Law and Daily Life - FindLaw Life, Family and Workplace Law Blog

Law & Daily Life - The FindLaw Life, Family and Workplace Law Blog


Legalese From A to Z - FindLaw

For the last several months, our series Legalese From A to Z has been walking you through the sometimes wacky, sometimes confusing world of legalese , the specialized language of law used by those in the legal field.

Letter by letter, we've been examining some important, interesting, or noteworthy bits of legalese. This week, we take a look at five legal terms that start with the letter "N":

  • Next of kin. You may have heard the phrase "next of kin" in situations where a person has died without a will and that person's property will pass according to the laws of intestacy. But who is considered next of kin? Under the laws of most states, the next of kin is a spouse or domestic partner. If there is not a spouse or domestic partner, then the next of kin will usually be a person's children. If there are no children, the next of kin will typically be the first of any of the following blood relatives who are surviving: parents, then siblings, then grandparents, then aunts and uncles, and so forth. Depending on the laws in your state, relatives beyond a certain degree of remoteness may no longer be considered kin.

Pennsylvania was one of the original 13 colonies, and if you're in the Keystone State, you should be familiar with its rich history of laws.

While learning about the life of the Founding Fathers is a great way to enjoy the history of Pennsylvania, you may also want to focus on the present laws that will have a slightly more pressing effect.

Get ready for an updated page of Poor Richard's Almanac, with 10 laws you should know if you're in present-day Pennsylvania:

Cease-and-desist letters are often ignored, but that doesn't mean legal consequences won't follow.

While these letters have no real legal effect, failing to respond or follow up on a cease-and-desist letter may lead to some predictable responses from the sender. And while some cease-and-desist letters are simply legal-sounding huffing and puffing, others are the harbingers of potentially ruinous and costly lawsuits.

So what can happen if you ignore a cease-and-desist letter? Here are a few possibilities:

Divorcing spouses often hope that a judge will award them attorney's fees as part of a crushing legal victory over their former partners.

As satisfying and poetic as it might be to have your ex-spouse pay for your divorce lawyer, in most cases, the bill is on you. Generally speaking, it's only in extreme or special circumstances that you'll be able to get someone else to pay your divorce attorney's fees.

So in a divorce case, when can you potentially get attorney's fees?

Like email and other digital communications, online chats can sometimes act to preserve conversations months, or even years after they took place.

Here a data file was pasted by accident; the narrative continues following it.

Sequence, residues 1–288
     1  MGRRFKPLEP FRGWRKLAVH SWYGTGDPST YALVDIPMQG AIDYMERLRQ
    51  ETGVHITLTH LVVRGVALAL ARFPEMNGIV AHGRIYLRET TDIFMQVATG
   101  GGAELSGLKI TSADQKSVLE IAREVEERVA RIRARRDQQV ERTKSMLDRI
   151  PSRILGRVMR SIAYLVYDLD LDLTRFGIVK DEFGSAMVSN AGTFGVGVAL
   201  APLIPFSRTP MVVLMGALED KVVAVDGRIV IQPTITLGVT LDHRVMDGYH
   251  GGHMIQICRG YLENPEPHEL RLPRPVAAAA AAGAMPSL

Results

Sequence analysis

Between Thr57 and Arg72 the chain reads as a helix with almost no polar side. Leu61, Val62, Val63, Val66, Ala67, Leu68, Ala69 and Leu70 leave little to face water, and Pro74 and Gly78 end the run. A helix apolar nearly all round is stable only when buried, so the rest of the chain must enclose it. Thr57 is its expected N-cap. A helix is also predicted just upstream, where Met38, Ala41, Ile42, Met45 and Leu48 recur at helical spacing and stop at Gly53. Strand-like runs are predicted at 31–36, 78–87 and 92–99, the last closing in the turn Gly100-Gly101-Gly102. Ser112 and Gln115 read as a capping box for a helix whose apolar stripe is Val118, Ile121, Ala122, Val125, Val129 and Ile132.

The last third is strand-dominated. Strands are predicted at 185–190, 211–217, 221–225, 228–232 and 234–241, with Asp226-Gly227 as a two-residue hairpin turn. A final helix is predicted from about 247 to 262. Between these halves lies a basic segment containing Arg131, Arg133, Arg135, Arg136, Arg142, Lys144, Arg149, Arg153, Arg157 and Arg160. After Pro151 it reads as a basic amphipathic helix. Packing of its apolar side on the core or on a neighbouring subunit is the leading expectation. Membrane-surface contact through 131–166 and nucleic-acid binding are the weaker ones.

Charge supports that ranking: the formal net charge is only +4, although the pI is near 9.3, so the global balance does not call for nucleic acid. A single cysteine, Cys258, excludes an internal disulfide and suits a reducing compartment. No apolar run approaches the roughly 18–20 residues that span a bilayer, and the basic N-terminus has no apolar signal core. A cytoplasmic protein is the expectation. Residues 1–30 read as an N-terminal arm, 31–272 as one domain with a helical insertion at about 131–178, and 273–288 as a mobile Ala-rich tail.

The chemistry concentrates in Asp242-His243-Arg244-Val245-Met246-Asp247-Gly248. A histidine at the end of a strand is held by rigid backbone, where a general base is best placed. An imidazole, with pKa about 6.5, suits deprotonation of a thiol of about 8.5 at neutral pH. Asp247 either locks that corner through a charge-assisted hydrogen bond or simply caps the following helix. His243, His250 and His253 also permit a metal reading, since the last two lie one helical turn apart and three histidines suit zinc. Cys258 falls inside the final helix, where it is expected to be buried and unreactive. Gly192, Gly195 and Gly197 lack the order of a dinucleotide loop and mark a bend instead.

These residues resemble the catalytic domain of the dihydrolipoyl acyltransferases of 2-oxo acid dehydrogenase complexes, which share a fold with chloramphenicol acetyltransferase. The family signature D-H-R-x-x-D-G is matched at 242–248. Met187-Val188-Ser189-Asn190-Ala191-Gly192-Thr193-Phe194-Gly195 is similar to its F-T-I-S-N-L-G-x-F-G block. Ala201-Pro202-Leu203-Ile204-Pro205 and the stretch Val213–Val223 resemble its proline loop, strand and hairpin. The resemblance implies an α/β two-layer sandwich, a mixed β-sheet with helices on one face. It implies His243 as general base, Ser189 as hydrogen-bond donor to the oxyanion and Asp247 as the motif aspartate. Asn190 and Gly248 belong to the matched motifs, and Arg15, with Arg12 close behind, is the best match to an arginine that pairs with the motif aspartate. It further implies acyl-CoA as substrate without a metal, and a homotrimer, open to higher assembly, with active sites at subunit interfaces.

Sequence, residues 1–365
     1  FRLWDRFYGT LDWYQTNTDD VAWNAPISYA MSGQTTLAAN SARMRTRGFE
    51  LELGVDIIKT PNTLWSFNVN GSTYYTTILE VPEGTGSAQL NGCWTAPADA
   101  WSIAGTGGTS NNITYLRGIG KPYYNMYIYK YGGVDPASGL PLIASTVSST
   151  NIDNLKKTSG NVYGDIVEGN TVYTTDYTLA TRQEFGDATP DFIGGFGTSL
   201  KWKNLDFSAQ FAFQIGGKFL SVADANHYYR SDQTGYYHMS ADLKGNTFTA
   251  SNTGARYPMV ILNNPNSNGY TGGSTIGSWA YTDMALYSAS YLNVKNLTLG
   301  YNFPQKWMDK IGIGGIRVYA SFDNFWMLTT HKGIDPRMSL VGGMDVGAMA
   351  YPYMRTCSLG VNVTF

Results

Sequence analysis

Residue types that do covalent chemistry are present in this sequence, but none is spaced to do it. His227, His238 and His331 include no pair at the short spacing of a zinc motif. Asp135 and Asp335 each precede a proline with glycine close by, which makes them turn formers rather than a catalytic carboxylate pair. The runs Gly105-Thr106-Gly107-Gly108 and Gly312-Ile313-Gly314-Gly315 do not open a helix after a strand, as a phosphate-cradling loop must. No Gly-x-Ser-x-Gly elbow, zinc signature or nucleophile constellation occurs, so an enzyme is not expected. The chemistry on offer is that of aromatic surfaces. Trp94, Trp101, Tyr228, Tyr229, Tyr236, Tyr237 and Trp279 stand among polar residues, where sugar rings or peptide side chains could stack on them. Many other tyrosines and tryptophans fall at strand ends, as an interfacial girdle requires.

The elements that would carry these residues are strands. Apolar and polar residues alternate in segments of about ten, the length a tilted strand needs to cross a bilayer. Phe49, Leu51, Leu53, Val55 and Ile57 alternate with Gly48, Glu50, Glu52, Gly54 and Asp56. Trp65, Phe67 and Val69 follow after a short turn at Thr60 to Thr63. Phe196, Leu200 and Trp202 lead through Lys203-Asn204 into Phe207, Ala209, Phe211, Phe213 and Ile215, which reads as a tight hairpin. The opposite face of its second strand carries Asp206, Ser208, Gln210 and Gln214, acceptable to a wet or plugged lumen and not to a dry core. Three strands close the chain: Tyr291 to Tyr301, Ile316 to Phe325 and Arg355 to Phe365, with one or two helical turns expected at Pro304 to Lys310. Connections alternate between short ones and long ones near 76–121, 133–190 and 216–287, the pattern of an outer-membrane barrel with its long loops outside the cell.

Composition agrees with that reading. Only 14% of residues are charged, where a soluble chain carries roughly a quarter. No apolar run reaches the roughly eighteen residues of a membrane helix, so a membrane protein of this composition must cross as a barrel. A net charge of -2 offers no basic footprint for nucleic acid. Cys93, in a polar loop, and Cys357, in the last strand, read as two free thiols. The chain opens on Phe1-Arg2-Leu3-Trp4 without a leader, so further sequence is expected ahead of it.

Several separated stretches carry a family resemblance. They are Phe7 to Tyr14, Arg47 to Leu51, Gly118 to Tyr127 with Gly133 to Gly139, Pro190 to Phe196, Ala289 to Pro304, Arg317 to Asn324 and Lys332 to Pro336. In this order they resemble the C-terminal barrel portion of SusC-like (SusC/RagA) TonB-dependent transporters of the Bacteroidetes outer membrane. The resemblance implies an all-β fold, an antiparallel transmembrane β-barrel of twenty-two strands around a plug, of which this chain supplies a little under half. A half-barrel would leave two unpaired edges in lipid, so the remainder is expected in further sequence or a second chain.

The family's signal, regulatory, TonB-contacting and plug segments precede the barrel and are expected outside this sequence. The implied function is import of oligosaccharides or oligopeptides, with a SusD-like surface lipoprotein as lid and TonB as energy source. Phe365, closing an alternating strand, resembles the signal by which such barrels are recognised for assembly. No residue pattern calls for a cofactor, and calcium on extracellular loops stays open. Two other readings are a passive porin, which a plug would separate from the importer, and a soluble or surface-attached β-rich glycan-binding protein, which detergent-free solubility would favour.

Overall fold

In a civil lawsuit or criminal trial, the contents of a conversation conducted via online chat could help prove or disprove an important fact or substantiate the version of events told by either side.

But can online chats actually be used as evidence in court?

Cancer patient Brittany Maynard isn't taking her terminal cancer diagnosis lying down. She moved to Oregon and is planning her assisted suicide.

Maynard, 29, was diagnosed with terminal brain cancer nine months ago, but she didn't want to "die a horrendous death," reports the San Francisco Chronicle. Instead of languishing in front of her loved ones while the cancer spread, Maynard moved from California to Oregon, where she plans to take advantage of the state's "Death with Dignity" law.

When you and other workers decide to go on strike to protest working conditions, you may be worried about being fired.

Typically employers cannot fire employees for striking, but workers shouldn't take this protection as absolute. Employers can still terminate employees for a variety of reasons, even if that employee belongs to a union.

So should you worry about being fired for going on strike?

Alongside the many well-known benefits of using a credit card to make purchases -- being able to pay over time, earning airline miles, or other rewards -- credit cards also offer unique protections for consumers who may feel like they didn't get what they bargained for in a purchase.

Credit card companies are generally obligated by state and federal law to offer customers chargebacks for disputed charges. Chargebacks function as a refund for purchases made by consumers who have a valid dispute as to the charges associated with the purchase.

How do chargebacks work?

Alaska has become the latest state to have its gay marriage ban overturned by a federal judge, following a major decision by the Ninth Circuit Court of Appeals.

On Sunday, U.S. District Court Judge Timothy Burgess found that Alaska's gay marriage ban violated the Due Process and Equal Protection clauses of the Fourteenth Amendment of the Constitution, and ordered all state agents to not enforce the law. CNN reports that Alaska Gov. Sean Parnell announced his intention to appeal the court's ruling, citing his "duty to defend and uphold the law and the Alaska Constitution."

What is the state of gay marriage now?

Today is the federally recognized Columbus Day holiday, celebrating the voyage of Christopher Columbus and his "discovery" of the New World.

But in some cities -- including Seattle and Minneapolis -- Columbus Day has been replaced, or at least joined, by a new holiday known as Indigenous People's Day, reports Smithsonian. The holiday is aimed at celebrating the culture and traditions of the people who already inhabited the Americas when Europeans began colonizing the Western Hemisphere following Columbus' storied journey.

What's behind this new holiday, and what does it mean for the future of Columbus Day?